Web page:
Malaysia's consumer prices fell 0.7 percent in January from a year earlier, the first decline in nearly a decade, government data showed on Friday.
The fall in January's consumer price index was the first since November 2009 when it declined 0.1 percent. A Reuters poll had forecast a drop of 0.2 percent.
The decline was driven largely by lower prices of retail fuel during the month, with the transport sector index falling 7.8 percent from a year earlier, data from the Statistics Department showed.
Prices were also down in the indexes for communication, clothing and footwear, and miscellaneous goods and services, the data showed.
The decline, however, was offset by higher prices in five of the 12 main groups tracked in the index, particularly: food and non-alcoholic beverages, housing and utilities, restaurants and hotels, alcoholic beverages and tobacco, and education.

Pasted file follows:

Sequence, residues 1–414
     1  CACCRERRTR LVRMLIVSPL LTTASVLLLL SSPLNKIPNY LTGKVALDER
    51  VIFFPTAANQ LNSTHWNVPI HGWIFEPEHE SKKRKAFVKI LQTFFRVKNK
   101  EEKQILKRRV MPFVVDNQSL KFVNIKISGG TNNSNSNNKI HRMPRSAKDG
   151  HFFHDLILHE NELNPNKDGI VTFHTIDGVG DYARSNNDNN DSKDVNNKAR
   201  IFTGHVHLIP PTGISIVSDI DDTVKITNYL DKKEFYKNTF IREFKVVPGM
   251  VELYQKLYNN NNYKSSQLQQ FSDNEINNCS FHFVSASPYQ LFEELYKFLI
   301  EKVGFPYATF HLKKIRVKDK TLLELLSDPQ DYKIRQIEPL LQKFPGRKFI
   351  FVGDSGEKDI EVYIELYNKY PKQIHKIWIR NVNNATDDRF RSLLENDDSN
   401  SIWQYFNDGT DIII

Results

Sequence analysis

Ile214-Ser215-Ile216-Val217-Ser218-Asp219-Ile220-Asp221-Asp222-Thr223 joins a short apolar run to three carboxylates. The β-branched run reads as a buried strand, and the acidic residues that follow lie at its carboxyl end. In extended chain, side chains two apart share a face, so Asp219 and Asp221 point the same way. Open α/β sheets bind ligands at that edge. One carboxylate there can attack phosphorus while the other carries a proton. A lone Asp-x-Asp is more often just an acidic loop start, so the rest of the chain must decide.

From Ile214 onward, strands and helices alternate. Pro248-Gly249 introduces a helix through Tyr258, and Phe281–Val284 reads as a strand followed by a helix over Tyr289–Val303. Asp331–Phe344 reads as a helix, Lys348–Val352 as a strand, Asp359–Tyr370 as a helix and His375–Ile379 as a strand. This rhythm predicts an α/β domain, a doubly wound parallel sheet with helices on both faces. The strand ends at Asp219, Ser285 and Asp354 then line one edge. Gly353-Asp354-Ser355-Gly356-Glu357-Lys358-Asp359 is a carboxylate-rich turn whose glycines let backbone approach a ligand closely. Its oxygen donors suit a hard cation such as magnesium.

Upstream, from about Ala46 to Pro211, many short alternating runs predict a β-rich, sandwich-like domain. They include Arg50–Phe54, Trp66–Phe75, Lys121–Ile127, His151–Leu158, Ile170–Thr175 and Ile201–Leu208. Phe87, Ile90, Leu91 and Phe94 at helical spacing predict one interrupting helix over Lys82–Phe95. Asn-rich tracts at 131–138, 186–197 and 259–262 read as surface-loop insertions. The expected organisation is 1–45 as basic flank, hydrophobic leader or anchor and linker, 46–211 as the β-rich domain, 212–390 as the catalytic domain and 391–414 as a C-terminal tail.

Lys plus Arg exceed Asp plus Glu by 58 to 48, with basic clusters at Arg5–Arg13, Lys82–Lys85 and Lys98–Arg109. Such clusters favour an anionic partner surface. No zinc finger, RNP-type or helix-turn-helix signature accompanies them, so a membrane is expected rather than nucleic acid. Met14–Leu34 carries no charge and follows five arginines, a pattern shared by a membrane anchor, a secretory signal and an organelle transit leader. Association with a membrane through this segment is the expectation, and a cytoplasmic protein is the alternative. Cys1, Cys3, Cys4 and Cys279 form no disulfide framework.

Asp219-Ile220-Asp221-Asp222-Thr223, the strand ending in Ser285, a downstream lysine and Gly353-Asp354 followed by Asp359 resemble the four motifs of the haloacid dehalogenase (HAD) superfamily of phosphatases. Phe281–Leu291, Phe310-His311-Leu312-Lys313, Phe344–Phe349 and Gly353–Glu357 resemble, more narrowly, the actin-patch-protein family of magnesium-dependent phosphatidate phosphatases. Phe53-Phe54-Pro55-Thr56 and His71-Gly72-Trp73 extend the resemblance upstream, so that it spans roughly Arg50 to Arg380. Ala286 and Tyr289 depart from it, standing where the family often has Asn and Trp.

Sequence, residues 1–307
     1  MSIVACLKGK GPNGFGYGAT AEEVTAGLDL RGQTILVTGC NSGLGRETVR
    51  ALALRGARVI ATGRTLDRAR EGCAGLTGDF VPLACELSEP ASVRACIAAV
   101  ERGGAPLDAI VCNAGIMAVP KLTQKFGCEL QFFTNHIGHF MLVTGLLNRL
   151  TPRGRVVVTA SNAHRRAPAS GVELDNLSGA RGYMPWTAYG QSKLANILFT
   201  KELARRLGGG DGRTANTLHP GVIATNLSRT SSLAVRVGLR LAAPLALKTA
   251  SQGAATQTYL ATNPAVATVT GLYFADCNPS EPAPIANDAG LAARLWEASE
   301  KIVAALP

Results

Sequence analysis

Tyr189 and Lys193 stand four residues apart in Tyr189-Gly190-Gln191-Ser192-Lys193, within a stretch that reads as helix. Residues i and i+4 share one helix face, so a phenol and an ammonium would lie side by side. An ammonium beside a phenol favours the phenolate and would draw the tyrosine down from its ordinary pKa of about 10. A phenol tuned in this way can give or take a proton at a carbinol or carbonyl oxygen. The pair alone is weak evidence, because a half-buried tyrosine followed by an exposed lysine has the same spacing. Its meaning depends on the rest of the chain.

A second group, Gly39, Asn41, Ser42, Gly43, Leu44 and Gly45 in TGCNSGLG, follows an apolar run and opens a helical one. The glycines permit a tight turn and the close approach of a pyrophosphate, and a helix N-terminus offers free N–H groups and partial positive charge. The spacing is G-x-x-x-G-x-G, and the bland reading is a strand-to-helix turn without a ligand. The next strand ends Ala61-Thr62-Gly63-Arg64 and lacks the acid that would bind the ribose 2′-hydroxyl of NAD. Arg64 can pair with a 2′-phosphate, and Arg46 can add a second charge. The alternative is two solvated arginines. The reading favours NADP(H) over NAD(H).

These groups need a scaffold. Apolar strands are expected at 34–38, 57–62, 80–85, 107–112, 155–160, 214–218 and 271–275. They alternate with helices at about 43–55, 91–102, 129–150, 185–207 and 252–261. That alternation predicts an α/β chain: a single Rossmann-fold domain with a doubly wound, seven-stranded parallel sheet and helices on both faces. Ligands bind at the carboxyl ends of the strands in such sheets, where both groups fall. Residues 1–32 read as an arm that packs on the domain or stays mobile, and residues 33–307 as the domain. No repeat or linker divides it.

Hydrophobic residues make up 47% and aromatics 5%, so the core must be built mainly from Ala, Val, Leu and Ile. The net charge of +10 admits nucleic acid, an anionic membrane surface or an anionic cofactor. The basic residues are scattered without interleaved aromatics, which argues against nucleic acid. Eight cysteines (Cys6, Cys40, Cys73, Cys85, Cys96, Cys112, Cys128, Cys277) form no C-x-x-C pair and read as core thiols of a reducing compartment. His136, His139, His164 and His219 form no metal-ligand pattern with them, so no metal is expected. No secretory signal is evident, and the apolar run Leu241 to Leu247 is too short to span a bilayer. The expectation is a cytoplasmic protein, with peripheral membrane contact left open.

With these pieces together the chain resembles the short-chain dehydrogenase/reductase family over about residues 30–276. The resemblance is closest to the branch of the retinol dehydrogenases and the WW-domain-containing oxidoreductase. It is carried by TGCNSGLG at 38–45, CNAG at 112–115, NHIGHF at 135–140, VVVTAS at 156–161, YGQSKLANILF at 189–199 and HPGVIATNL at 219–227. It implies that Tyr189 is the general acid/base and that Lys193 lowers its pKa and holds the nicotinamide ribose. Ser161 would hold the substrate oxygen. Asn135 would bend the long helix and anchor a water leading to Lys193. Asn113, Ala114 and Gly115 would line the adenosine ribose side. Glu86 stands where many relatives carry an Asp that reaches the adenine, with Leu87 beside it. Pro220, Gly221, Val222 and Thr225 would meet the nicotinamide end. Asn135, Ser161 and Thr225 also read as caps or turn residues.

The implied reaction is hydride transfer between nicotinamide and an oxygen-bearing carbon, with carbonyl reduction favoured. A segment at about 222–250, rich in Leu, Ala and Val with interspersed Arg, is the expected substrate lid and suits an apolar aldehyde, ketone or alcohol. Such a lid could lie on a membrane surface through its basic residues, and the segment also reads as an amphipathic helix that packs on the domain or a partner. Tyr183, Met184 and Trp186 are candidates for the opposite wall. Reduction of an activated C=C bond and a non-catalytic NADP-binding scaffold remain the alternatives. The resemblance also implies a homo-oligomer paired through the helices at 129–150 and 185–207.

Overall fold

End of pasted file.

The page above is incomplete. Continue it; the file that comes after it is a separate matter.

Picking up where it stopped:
Inflation has been mild since the government withdrew an unpopular consumption tax in June 2018 and reinstated a narrower sales and services tax (SST) three months later.
Annual inflation in November and December were 0.2 percent, matching the rate in August when it hit a three-and-a-half-year low.
The central bank, however, has said that Malaysia was not at risk of deflationary pressure.
Headline inflation, which came in at 1 percent in 2018, was likely to average higher this year, Bank Negara Malaysia said last week.